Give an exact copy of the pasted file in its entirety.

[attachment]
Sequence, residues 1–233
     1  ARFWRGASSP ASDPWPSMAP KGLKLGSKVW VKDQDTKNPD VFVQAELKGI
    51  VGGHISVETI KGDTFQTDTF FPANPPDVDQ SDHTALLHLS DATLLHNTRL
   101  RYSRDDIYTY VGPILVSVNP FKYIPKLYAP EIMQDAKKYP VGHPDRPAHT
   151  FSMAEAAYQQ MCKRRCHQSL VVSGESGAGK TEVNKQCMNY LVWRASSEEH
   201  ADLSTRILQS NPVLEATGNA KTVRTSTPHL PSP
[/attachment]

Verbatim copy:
Sequence, residues 1–233
     1  ARFWRGASSP ASDPWPSMAP KGLKLGSKVW VKDQDTKNPD VFVQAELKGI
    51  VGGHISVETI KGDTFQTDTF FPANPPDVDQ SDHTALLHLS DATLLHNTRL
   101  RYSRDDIYTY VGPILVSVNP FKYIPKLYAP EIMQDAKKYP VGHPDRPAHT
   151  FSMAEAAYQQ MCKRRCHQSL VVSGESGAGK TEVNKQCMNY LVWRASSEEH
   201  ADLSTRILQS NPVLEATGNA KTVRTSTPHL PSP